Wise Words from Gloria Steinem


It's Easter Monday, and I'm tired!  I'm not working in a congregation, so I shouldn't complain, but in the last four days, I attended two Maundy Thursday services, two Good Friday services, one Easter Vigil and one Easter morning service.  They all were fabulous, and it was a wonderful weekend, but it all has left me a little groggy this morning--or maybe it's the chocolate buzz I've been on since we flipped on the lights and sang "Alleluia" on Saturday night...

All this means that I am grateful for the link that came to me in my inbox this morning from a friend.  We had been talking about Gloria Steinem last week [I just started her autobiography--I'm sure I'll be blogging about that next], and she mentioned that Ms. Steinem had been her graduation speaker, and that the speech had made NPR's top ten list. She forwarded the speech this morning, and it was a delight to read:  Steinem is witty, generous and wise in about equal measure.  Here's the link to the speech, if you want to read the whole thing--excerpts are below:  Tufts University Commencement Speech, 1987.

She generously praises the other honorary degree recipients, especially Supreme Court Justice Blackmun.  About him, she says, "So I would like to publicly thank him on behalf of more than 70 percent of Americans who agree with the decision he authored, who believe that a woman's life is also a human life, and who know that the majority decision he wrote may have saved the lives and health of more women in this country than any other single act in history."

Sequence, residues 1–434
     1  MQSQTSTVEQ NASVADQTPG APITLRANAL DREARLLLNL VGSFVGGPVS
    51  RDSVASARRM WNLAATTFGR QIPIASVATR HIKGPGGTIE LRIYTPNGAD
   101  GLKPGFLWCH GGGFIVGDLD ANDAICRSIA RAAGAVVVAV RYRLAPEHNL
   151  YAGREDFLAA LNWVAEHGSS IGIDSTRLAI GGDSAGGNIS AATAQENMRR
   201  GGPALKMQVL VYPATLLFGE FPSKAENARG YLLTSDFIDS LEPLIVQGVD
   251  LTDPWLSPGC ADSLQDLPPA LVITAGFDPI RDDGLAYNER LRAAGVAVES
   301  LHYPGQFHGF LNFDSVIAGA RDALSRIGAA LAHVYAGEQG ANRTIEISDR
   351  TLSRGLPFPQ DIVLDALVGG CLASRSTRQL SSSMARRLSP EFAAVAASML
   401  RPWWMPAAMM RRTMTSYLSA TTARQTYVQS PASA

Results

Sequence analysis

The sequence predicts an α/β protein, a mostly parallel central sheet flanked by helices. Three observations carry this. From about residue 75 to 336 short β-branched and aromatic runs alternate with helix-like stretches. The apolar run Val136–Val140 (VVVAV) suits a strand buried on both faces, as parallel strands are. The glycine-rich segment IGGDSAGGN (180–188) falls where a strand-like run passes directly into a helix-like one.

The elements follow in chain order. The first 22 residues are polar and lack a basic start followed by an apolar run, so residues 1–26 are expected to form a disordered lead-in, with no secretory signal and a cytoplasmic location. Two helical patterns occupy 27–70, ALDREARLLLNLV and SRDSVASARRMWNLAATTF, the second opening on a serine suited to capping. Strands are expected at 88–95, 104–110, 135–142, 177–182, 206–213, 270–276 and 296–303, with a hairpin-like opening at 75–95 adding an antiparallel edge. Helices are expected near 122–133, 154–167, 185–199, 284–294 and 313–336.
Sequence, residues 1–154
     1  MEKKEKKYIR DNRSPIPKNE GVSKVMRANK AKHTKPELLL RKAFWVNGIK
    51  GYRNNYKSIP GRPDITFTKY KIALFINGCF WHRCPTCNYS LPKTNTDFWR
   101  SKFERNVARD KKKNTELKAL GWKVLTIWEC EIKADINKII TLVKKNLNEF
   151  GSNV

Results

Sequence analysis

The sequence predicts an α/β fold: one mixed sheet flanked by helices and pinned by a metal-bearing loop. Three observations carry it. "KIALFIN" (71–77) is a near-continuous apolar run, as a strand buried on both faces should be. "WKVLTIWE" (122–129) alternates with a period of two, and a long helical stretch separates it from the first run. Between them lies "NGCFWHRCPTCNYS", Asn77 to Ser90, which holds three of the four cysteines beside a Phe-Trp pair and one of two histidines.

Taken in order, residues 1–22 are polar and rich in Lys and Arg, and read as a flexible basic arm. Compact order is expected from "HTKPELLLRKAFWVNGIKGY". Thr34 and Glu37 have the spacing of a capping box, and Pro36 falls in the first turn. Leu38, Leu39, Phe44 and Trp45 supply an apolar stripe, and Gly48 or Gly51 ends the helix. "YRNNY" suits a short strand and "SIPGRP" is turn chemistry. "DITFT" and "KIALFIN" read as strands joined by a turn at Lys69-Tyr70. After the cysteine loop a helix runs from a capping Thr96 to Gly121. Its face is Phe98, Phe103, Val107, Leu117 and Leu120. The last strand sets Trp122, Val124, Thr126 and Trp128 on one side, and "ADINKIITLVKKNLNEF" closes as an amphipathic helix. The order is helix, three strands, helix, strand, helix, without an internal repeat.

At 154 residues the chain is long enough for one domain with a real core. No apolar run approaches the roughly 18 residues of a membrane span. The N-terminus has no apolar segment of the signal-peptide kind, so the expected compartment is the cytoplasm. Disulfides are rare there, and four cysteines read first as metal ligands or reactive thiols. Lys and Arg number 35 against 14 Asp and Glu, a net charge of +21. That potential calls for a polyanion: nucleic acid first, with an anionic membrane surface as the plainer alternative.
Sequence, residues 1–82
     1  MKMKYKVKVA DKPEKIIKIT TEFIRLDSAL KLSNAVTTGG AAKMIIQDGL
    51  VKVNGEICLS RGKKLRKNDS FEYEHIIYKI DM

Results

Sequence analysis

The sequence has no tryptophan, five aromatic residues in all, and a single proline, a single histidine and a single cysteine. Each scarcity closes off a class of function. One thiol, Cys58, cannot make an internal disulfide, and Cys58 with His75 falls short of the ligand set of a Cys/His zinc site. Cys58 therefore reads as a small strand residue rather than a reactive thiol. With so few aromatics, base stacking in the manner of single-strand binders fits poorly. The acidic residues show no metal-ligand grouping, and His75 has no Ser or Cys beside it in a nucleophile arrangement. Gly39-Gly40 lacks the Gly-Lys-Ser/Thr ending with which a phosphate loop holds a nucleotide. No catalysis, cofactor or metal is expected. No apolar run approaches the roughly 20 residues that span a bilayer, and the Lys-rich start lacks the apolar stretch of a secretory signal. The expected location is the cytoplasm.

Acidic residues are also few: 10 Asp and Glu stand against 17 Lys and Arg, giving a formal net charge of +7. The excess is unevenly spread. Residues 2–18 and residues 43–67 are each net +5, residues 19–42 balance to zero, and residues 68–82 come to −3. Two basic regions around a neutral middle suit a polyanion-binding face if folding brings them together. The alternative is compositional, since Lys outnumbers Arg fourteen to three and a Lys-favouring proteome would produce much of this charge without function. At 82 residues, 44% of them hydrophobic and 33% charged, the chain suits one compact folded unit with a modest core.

She also talks about the distinction between means and ends and notes, "It took me twenty year to figure out that the means are the ends--and vice versa.  Whatever means you use become an organic part of the ends you achieve."  Boy, is that true.

I also love this bit of wisdom:  "If you have to choose character or intelligence--in a friend or in a candidate--choose character.  Intelligence without character is dangerous, but character without intelligence only slows down a good result."  Umm....is there a candidate in the race today for whom this might be relevant?

She has some wonderful words about marriage, too, and the continuing evolution of partnerships and gender roles:  "Progress is a circle in which we strive to use all our talents and complete ourselves.  Potentially, we are all winners."  Love that.

Finally, I really appreciated that she says, "Don't forget to give at least ten percent of everything you earn to social change....Tithing is the pioneer example and the religious example."

She concludes, "Whatever you want to do, do it now.  For life is time, and time is all there is."  A good thought on a beautiful Easter Monday, when the sun is shining, and everything--really, everything--seems possible.